What CAA-ICM Deal Means for Future of Talent Representation

An earthquake hit Hollywood at 8:17 a.m. PT on Sept. 27, but it didn’t register on the Richter scale.

The weekend was filled with marathon negotiations between leaders of CAA Partners and ICM Partners that culminated in the agreement for CAA to acquire its smaller competitor. The acquisition promises to shrink Hollywood’s Big Four talent agency landscape down to a Big Three, if regulators approve it.

Agency insiders were shocked by the news and it rocked Monday morning staff meetings across town. The consolidation gripping entertainment and media has made it clear that there is no entertainment industry safe from the effects of this.

In particular, the merger of CAA and ICM will bring about aftershocks for the talent representation sector. Industry insiders point out how deeply the talent market has been divided up over recent years into superpowers (CAA, WME), with UTA at No. 3 — and busy boutiques (Verve and Innovative). This large-ish agency that is similar in size to Paradigm, APA or Gersh seems to be endangered. UTA’s next moves will be closely watched for sure.

“For years now, you’ve had the three major players in CAA, WME and UTA,” One talent agency leader spoke on condition of anonymity. “ICM was close behind but not in the same category. Now there’s no runner-up. This is what consolidation does to any business in this country — it eliminates the runner-up.”

CAA getting “even just a bit bigger,” according to another top dealmaker, will lead to disruption. It could force smaller companies to either seek out acquisitions on their own or to join forces to fight monoliths like Endeavor, a hulked up CAA parent company or WME parent Endeavor. Endeavor has proved to be a formidable public entity and has performed admirably since its April IPO.

Many predicted that the smaller agencies would use the CAA transaction to lure clients and agents who have defected. Any merger of this size will result in significant layoffs, which CAA managing director Bryan Lourd tells Variety is now under “careful and measured” review. Some are skeptical that the smaller talent shops can survive as independents for the long term. However, the boutiques are optimistic.

“We’re excited about the opportunity this creates for our friends and creates for us,” says Verve Talent & Literary head Bryan Besser. “We are sticking to the path we’re on, the one that’s been working for us, which is to go left when most go right.”

ICM Partners has existed on the block for many years, as some skeptics of this deal point out. ICM Partners was particularly hampered by the Writers Guild of America mandate that it stop charging packaging fees for movies and series starring its clients. This was a major revenue source. CAA’s acquisition of the company may well be a public exercise in proving it can handle a significant M&A transaction on the road to an IPO. Still, Lourd tells Variety that taking the enlarged agency public is “not at the front of our brains right now.”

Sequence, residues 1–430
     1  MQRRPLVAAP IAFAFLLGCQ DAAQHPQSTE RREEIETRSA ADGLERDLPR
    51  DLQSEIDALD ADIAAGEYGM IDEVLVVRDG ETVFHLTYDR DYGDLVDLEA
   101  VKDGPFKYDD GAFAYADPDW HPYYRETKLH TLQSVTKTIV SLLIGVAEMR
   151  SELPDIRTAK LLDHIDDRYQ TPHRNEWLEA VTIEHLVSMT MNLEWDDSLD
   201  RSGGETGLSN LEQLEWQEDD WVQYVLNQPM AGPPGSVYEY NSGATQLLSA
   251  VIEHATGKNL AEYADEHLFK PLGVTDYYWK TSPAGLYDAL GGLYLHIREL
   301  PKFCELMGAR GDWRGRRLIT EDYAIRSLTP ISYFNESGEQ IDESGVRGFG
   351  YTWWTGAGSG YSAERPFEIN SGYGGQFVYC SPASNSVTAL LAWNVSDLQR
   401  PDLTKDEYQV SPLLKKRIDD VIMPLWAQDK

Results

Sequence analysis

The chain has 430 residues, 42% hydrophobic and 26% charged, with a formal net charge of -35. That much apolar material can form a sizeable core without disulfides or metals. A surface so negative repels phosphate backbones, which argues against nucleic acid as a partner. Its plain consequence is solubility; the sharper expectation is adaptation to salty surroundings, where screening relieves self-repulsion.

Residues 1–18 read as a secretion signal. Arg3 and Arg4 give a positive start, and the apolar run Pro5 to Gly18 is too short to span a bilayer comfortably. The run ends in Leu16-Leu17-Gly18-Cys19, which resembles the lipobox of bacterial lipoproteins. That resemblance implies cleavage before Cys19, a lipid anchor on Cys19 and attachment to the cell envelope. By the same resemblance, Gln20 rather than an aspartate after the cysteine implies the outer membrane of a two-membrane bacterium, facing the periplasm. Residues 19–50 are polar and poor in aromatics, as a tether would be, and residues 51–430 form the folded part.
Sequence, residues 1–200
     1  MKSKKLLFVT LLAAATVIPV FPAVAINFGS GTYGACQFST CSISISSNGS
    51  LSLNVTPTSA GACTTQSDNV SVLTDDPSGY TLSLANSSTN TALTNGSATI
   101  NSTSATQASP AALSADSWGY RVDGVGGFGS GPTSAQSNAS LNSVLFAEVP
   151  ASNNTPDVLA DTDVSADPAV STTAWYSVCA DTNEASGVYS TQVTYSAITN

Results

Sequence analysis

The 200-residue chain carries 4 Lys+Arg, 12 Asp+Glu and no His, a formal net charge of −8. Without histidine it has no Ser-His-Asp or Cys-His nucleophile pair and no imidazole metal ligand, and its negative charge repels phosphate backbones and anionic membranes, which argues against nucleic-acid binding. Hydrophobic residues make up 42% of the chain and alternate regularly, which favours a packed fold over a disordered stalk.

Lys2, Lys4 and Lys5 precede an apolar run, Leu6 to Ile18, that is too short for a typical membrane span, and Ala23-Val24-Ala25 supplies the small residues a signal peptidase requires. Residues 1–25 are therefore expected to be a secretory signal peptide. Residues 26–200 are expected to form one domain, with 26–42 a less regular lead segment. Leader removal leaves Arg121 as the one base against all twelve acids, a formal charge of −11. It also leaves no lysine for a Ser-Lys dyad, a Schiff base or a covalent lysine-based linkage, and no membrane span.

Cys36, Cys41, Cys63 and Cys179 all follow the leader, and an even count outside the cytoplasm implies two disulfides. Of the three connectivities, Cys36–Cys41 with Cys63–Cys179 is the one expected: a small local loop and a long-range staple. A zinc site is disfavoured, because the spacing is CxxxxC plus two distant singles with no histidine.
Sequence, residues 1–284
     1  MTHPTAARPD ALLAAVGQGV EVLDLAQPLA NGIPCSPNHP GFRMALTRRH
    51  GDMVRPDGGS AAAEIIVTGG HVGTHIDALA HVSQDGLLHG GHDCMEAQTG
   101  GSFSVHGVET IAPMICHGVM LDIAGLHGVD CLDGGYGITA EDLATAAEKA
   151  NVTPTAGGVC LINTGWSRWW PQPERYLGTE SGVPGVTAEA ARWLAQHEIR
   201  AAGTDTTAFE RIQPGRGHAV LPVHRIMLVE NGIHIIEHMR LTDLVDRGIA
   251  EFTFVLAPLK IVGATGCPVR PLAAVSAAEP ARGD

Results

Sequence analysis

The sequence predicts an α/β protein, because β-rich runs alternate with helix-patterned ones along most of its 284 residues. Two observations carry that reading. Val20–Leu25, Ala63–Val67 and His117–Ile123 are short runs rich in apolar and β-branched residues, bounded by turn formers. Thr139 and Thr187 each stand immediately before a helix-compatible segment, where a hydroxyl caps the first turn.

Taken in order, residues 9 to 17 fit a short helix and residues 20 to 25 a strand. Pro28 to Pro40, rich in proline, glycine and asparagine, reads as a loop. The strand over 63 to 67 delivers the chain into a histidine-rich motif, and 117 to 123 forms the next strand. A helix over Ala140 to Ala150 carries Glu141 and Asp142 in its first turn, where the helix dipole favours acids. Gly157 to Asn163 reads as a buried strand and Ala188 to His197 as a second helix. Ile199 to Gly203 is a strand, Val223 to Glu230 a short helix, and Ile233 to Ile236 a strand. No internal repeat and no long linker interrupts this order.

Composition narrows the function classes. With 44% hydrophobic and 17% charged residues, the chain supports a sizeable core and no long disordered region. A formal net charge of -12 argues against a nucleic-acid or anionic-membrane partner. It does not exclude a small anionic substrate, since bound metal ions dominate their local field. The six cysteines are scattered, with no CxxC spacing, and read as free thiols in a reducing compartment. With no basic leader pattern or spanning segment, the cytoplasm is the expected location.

At the heart of any agency is client services, which means finding jobs and landing paydays for actors, writers, directors and other artists responsible for content creation. These Big Three agencies have pursued aggressive diversification and private equity funding over the past decade. They have expanded into other areas, such as sports, live entertainment and music, comedy touring, and corporate brand exploitation. Both CAA Partners and ICM Partners are taking a step back from extracurricular activities in recent times, with the exception being sports. CAA will insist that ICM was bought by it to increase its strength in traditional areas like TV lit and publishing. But CAA’s rivals will also spin the agency as too big to give the kind of TLC that major stars demand.

CAA president Richard Lovett says the group “looks at our business as a very intimate thing. That’s the truth of how we experience it. What is indisputable, though, is that we have more resources for clients as a result of working together. We have been very clear for quite a long time about what our agenda is — that is serving clients and understanding this moment of gigantic shift and change in the business environment. Clients need really strong, committed advocacy.”

Lourd, who became a vocal advocate this summer on behalf of his client Scarlett Johansson in her legal battle with Disney over her compensation for “Black Widow,” hinted that this dispute is only the beginning of the new-world challenges for talent. CAA hopes to convey to content distributors and producers that it has the ability to leverage its connections to the most prominent names in the industry its power.

“We’re optimistic; we’re not remotely negative,” Lourd adds. “It’s incredibly difficult right now, as people on both sides of the financiers, the distributors, the marketing companies analyze what does and doesn’t matter to them. The one thing that’s certain is every person we represent, everyone we work with, is more important than they’ve ever been. And,” he adds of the acquisition, “we’re doing this to rise to that need to be great and be a new agency for the future.”

Cynthia Littleton contributed to this report.

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